What inspires you today? (Could be architecture, art, literature, public figures, images, etc.…)
Lately, especially at the onset of the global pandemic, I have been drawing inspiration from books and the unbridled imagination they unleash when one takes authorship of the vivid images the stories create space for. I have recently discovered the writings of Octavia E. Butler, an African American science fiction writer whose powerful, elegant, and poetic series of books effortlessly defy temporal restraints and constraints. She deftly navigates and pulls the reader on journeys to the painful past of human history and to the distant imaginative futures, all the while remaining staunchly grounded in the present. The conventional notions of how things were, are, or should be, are brilliantly upended as she creates portals that tap into one’s imagination in fierce ways. The connective thread between her work and the untapped possibilities of design, especially within the built environment, is one that I have recently been consumed by.
Who was an important mentor for you earlier in your career?
The late Phil Freelon, designer of the Smithsonian National Museum of African American History and Culture in Washington, DC, and The National Center for Civil and Human Rights in Atlanta, Georgia, was an important mentor early in my career. In the early 2000s, I had the opportunity to collaborate as part of the design team on the Reginald F. Lewis Museum of Maryland African American History & Culture in Baltimore. I was extremely impressed by Phil’s thoughtful insights and design leadership during the project. It is serendipitously amazing to be continuing Phil’s brilliant legacy here at Perkins&Will. Our Houston Studio has and is currently engaged with the conservancy at the Historic Emancipation Park, a project that was completed by The Freelon Group (which later merged with Perkins&Will.)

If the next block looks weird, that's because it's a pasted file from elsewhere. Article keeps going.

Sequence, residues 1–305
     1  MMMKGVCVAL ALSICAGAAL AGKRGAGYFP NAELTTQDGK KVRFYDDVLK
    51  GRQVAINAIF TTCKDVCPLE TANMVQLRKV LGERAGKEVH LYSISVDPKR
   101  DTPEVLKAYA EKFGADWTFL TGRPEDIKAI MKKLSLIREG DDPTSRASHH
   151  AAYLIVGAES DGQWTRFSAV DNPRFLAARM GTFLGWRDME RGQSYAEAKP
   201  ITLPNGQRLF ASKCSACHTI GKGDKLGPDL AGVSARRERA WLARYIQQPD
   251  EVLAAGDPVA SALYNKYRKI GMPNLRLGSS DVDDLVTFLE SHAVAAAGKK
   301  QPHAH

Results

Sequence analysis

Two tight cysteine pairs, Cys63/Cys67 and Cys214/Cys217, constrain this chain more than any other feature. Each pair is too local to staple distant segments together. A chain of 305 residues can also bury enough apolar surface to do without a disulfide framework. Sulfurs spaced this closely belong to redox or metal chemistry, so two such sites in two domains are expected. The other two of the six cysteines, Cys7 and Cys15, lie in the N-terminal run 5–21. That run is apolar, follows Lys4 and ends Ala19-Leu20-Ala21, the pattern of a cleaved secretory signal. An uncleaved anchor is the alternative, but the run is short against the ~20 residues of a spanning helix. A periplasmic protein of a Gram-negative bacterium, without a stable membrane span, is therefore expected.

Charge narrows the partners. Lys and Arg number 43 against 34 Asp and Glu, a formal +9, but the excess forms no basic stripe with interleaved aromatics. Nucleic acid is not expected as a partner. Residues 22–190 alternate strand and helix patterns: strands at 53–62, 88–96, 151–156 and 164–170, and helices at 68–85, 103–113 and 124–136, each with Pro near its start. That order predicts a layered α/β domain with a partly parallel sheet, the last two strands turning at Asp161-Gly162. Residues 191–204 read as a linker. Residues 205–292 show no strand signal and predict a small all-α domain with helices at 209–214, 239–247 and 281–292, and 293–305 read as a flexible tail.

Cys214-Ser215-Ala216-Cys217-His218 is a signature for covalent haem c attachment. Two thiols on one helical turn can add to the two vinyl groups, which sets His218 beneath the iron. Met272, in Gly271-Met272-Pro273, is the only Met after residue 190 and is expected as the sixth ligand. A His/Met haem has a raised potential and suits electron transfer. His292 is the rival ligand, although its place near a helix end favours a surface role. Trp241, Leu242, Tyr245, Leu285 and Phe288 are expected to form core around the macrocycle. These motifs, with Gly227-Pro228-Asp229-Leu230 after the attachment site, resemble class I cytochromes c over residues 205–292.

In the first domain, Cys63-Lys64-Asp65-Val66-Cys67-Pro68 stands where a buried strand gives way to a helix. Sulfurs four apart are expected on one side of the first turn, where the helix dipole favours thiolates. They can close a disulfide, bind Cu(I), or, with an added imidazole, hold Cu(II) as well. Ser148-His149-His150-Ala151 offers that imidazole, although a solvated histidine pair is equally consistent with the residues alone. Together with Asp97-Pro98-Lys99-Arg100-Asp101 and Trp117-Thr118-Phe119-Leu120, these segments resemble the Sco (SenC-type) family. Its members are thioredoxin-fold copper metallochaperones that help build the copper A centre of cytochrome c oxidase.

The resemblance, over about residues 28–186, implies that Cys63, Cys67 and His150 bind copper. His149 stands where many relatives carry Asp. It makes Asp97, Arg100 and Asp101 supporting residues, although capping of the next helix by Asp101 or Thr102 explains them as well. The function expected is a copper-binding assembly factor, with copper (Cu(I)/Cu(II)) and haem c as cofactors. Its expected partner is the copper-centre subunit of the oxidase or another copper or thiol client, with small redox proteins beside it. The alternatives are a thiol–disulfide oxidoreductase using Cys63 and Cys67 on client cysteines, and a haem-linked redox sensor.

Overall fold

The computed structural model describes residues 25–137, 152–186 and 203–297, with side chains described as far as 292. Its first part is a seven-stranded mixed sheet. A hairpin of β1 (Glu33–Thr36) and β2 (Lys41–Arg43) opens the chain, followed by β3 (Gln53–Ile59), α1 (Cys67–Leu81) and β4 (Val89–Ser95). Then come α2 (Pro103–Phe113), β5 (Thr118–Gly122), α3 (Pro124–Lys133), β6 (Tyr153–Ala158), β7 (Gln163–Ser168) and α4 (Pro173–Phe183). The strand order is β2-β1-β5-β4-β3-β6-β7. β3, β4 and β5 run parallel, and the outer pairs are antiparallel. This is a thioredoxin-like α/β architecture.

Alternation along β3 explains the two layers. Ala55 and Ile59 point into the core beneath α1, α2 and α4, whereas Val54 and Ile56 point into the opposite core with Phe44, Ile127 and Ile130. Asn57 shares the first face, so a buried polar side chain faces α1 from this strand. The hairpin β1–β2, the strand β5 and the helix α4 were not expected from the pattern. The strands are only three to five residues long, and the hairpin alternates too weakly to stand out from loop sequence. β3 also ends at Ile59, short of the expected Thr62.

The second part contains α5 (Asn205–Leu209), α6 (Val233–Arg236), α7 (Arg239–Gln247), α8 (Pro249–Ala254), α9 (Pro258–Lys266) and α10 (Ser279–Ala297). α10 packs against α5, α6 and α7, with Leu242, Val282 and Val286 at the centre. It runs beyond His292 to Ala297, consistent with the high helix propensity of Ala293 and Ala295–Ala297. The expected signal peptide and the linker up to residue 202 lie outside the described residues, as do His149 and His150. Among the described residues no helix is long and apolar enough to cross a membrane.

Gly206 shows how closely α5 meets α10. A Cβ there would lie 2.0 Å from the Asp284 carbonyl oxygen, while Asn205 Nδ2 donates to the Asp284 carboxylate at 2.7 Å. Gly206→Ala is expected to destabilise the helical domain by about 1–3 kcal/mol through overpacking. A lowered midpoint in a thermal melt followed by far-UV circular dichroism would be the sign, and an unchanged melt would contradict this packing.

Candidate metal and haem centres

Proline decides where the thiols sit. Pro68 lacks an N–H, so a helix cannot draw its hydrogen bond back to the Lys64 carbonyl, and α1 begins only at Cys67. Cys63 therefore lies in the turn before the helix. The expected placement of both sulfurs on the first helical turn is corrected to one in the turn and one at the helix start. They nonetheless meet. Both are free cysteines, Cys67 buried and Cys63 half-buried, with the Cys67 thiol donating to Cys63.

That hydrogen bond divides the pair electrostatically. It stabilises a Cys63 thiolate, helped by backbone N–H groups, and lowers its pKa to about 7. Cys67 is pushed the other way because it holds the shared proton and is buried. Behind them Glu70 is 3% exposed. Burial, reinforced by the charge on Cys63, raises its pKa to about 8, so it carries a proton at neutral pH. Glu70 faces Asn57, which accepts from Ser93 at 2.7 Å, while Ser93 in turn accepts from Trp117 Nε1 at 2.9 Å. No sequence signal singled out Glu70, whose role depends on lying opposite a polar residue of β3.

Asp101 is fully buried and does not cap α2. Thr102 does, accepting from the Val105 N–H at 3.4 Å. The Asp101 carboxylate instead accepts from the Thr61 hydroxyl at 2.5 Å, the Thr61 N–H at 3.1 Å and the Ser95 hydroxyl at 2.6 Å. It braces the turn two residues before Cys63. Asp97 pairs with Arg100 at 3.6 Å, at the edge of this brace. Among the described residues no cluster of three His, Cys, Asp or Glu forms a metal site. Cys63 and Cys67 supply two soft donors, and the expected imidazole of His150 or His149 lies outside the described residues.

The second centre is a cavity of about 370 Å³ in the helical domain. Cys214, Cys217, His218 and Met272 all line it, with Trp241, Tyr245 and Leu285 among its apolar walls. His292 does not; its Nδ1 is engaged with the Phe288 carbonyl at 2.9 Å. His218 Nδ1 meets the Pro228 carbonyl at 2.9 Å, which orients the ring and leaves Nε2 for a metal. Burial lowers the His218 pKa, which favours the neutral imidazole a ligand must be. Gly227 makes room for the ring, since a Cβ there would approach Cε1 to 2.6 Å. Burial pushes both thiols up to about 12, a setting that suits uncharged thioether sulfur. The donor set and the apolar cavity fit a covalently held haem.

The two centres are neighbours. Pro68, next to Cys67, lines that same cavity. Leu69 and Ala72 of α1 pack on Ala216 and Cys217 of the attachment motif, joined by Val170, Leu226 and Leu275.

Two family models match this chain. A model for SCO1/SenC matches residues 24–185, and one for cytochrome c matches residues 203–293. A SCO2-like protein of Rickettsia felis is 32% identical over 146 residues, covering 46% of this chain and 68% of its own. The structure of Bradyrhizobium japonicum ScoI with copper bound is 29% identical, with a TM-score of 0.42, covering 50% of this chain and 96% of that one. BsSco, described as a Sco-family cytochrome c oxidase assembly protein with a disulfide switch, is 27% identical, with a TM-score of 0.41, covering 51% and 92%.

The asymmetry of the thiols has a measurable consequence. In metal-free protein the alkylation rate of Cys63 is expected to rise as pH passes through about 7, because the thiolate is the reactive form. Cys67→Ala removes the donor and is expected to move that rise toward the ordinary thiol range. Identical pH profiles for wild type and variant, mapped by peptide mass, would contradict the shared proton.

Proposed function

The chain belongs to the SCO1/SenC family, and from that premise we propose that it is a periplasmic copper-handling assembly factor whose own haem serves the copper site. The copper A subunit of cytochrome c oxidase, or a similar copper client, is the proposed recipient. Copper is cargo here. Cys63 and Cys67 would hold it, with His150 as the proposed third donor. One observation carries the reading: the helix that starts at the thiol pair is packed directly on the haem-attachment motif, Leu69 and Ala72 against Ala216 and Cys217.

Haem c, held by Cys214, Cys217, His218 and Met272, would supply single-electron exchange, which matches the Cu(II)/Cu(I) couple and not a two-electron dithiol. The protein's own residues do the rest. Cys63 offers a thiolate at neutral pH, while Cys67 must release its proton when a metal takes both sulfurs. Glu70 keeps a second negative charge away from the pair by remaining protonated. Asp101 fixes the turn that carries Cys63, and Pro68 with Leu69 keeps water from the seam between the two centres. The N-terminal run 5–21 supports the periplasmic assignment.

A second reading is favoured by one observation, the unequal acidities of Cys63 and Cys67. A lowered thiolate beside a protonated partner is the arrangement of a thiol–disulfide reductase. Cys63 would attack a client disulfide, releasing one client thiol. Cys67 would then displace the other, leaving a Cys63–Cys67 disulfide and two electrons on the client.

What is inspiring about doing your work in Houston? What is frustrating?
The boundless opportunities coupled with the ever-evolving construct of Houston is one that I am excited to be a part of. Though many people find the atypical, yet distinct brand of “zoning” in the city challenging, I find potential and opportunity for novel, creative, and unique types of spaces, places, and experiences. I grew up in a part of the world where outsiders would look in and perceive that there are no rules governing the urban planning and development of the cities. In Lagos, Nigeria, where I spent some formative years, the city’s singular urbanity has its own set of rules. These rules, which challenge the ‘normative’ urban conditions and precepts, are based on the organic needs of the people who live there. I find Houston—with its typological diversity, confluence of textures, and inherent nuances—very resonant. Without traditional zoning laws and preconditions, the city has managed to create its own set of parameters, which encourages innovation.
What are the key challenges and opportunities facing the city and region today? How does your work engage with these issues if it does?
I remember when the word “sustainability” started permeating the global architecture zeitgeist. The concept was always approached as an “add-on” as opposed to a fully immersive and integrated aspect of design. Today, we see that our planet’s future depends on inherent and apparent sustainability and resiliency, and design and architecture play an important role. Living Design, as mentioned earlier, is the next chapter of our sustainability and resiliency story.